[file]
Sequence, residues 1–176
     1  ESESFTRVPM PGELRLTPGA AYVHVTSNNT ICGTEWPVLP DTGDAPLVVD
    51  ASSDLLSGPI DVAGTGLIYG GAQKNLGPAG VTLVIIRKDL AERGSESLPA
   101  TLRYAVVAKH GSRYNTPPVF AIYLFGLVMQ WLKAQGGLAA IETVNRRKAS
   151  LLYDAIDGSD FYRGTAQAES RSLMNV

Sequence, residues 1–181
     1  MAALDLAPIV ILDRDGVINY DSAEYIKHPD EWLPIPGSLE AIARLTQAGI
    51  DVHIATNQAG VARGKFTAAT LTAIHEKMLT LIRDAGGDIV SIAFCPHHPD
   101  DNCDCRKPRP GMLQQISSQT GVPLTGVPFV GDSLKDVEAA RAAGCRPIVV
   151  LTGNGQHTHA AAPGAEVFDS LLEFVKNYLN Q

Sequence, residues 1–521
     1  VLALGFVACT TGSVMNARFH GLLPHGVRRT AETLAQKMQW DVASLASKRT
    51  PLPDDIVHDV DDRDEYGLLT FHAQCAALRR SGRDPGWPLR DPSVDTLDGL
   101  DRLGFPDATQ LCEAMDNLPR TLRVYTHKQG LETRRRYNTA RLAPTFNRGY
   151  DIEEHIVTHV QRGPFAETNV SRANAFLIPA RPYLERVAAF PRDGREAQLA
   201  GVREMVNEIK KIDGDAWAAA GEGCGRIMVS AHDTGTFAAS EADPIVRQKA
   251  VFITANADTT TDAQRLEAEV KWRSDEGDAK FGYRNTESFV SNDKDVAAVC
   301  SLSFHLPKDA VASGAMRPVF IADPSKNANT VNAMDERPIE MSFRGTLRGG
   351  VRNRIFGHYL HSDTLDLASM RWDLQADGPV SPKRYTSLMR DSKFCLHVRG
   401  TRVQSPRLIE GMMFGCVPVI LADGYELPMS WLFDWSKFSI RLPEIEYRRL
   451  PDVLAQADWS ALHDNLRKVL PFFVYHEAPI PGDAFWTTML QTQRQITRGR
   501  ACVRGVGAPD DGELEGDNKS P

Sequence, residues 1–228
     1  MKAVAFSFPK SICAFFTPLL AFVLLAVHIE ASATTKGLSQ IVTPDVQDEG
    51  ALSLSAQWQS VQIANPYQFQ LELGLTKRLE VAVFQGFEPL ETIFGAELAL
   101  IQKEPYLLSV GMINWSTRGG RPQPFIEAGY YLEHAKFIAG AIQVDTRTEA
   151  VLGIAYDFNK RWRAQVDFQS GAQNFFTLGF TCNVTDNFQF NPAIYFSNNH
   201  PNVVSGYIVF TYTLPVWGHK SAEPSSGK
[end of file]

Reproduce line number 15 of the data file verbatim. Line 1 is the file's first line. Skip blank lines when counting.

   151  DIEEHIVTHV QRGPFAETNV SRANAFLIPA RPYLERVAAF PRDGREAQLA